As for Heat pumps?

    Excellent, You need to ask what the co-efficient of performance is for each type and choose the highest, commonly these can reach as high as 5.5 for a new commercial mitsubishi type (cant remember the model) But this would not be suitable for a domestic dwelling. a coefficient of performance or COP as its commonly reffered to is measured as energy in to energy out (ignore the 1st & 2nd laws of thermodynamics and if your confused then PM me!) So if you use 2Kwh to run the compressor on a ground/air source with a COP of 4 you would get 8Kwh out (less volumetric, isentropic efficiencys and system losses) So yes its like having a boiler thats 400% efficient! There brilliant, drawbacks are that because they run at about a 40^C feed and 20^C return Temperatures there not suitable for traditional radiator systems, however they are great for a new conservatory or new build home where you can install underfloor heating as a 40^C & 20^C return is ideal!!!

    As for Micro CHP?

    I must admit im very sceptical of these in the domestic market, In essence its an Heavy oil/gas Engine which runs a generator to supply electricty now these are about 30-40% efficient, however if you recover the heat from the engine coolant and exhaust and put it to use they now become around 85%. BUT you must make sure that the CHP is firstly sized for your electricity demand (no problems here any excess just feeds back into the grid!) and MOST IMPORTANTLY (i cant stress this bit enough) you must have a use for the thermal energy, or a thermal store which is sized to release this thermal energy over a period of time i.e run CHP for 6 hours per day, then use thermal store for the other 18 hours per day which is how i would imagine you would use it in a domestic situation. The only places I've ever installed these commercially is at swimming pools where theres a constant heat demand (the pool) and theres usually a constant electricty demand being the building. If you match the demands you maximise efficiencys, get it wrong and you've brought a white elephant which does more damage to the environment than good! its really that important!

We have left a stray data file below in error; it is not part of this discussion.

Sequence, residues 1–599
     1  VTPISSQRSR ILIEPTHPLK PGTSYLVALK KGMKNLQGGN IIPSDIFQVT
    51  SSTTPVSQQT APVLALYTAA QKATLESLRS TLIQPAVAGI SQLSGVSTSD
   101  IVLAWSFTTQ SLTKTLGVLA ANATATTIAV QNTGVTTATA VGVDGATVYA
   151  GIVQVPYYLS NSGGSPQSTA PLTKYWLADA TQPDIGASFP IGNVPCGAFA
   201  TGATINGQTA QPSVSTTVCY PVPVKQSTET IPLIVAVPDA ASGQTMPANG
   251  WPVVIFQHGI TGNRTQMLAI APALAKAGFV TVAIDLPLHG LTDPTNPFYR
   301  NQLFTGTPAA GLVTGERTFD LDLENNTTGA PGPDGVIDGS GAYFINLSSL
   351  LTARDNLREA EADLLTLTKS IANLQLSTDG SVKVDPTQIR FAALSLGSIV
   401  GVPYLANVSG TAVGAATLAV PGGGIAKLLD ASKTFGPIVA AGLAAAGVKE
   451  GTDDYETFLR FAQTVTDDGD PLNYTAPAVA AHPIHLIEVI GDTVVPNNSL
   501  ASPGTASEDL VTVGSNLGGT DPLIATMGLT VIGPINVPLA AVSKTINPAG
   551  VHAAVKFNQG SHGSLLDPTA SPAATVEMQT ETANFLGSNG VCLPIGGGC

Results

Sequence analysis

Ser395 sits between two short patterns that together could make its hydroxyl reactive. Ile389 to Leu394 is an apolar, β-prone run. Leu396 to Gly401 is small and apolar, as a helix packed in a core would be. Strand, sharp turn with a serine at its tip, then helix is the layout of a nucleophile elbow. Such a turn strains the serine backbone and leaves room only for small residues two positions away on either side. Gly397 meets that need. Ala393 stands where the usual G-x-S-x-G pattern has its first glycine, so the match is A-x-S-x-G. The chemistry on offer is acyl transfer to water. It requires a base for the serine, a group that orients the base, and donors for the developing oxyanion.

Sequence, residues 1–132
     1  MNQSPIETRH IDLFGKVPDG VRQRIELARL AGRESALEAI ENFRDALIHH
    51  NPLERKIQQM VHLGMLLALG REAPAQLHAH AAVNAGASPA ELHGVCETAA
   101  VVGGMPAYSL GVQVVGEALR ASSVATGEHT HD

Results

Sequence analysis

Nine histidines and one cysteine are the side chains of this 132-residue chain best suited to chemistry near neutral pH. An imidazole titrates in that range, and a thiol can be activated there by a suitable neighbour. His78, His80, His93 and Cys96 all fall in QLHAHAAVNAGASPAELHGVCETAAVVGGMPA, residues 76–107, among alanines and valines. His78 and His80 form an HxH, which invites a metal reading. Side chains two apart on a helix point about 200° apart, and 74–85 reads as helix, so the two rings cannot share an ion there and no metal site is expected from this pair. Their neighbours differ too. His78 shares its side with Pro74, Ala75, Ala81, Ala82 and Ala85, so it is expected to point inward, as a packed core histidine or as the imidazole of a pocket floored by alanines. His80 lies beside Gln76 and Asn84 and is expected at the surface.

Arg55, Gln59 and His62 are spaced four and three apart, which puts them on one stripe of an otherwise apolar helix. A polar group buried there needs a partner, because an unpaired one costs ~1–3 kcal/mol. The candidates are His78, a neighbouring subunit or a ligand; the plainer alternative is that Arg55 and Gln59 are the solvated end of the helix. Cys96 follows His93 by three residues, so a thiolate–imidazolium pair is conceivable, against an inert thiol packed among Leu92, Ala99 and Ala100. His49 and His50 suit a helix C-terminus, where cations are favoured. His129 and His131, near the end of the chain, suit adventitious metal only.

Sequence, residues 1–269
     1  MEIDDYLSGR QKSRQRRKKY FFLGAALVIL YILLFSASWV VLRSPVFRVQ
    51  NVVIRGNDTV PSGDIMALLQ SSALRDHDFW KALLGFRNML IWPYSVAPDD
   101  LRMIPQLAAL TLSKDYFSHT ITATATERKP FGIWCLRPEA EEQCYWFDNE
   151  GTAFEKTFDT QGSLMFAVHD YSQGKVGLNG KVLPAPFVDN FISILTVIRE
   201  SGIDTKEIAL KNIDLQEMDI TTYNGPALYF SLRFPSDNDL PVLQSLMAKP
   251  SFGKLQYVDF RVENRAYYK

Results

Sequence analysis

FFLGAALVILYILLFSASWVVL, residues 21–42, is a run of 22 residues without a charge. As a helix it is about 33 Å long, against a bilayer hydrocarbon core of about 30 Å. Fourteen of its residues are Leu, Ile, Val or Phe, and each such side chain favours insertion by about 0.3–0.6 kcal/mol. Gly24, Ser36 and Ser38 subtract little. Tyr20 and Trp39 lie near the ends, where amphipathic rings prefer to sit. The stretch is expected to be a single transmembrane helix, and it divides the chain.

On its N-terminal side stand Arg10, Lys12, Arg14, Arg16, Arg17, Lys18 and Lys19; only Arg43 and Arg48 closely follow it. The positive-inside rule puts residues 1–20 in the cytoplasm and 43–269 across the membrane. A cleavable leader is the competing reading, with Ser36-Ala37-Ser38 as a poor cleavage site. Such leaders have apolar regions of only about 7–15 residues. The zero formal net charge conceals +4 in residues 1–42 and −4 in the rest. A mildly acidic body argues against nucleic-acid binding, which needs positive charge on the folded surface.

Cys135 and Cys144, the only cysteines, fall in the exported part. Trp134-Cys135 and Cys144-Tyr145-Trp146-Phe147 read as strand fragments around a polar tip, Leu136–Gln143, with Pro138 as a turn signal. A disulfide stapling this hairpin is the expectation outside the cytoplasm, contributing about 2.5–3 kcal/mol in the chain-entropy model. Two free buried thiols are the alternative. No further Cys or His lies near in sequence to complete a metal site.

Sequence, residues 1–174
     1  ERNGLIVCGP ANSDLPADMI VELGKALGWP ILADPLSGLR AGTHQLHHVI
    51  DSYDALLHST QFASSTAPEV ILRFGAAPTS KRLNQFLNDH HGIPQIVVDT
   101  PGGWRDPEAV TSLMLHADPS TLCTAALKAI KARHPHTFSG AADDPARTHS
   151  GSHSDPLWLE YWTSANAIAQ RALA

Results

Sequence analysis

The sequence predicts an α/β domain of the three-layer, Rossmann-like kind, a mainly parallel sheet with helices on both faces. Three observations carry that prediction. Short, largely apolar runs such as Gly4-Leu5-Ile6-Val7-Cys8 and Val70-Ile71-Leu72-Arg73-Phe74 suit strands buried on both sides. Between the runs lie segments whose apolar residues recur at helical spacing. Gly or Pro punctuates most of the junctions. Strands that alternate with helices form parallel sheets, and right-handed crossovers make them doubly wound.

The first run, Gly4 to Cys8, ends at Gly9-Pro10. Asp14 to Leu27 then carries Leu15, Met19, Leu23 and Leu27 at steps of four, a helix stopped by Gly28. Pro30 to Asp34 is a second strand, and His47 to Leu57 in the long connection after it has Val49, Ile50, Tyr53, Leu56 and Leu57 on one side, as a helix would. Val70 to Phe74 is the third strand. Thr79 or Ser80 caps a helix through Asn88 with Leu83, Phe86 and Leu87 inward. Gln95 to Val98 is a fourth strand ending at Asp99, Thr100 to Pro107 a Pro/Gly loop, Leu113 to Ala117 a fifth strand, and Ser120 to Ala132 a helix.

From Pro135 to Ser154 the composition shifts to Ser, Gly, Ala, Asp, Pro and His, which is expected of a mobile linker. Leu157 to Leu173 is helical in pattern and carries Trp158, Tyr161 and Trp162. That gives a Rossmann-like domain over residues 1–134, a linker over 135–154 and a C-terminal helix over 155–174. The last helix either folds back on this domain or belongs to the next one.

On a final note, Dont get hung up on investment pay backs and money making, you wouldnt buy a boiler and expect a pay back period? No so dont expect it on other types of equipment. To put simply If it saves energy it does save you money if you ignore initial capital expenditure But what you do do is your part for the environment so think of it like that!

    Oh and one other thing, If your looking at carbon reduction, think about where you buy it from, If it comes from China then the Carbon footprint would be huge when compared to an honest one built in the UK! (honest mean a non Cowboy!)


    Now rip what I said to pieces!!!!! hahaha:D
  • Solar PV is the way to go. For feed in tariffs it wins hands down. We have a 1.2KW system (7panels). This was installed in 2010 (after the eligibilty date for maximum tariff payments). We received a government grant for £2.5K and our local council matched this. Our saving, which includes what we save on our own bill and what we sell back to the grid, will be about £500. That makes our pay back time less than 5 years. I appreciate we were fortunate and received a substantial amount of grants , that are no longer available. The grants were there for one and all, you just had to look in the right places!

    The whole micro-generation is the way foward, do you trust the government to get it right? No new power stations are being built and no new ones confirmed. It will be nuclear or bust. The lights will go out. Even if you are not yet convinced by climate change camp there is one argument that no one disagrees with and that is peak oil production. The large majority now believe we have long passed peak oil production and this does not factor in the growth of economies in Asia, Africa and S. America. We have to get use to the fact (the sooner the better) that we are running out of oil and the other fossil fuels are not sustainable options. We have no gas, little accessible coal (though we have huge reserves!!) and North sea oil was sold a long time ago.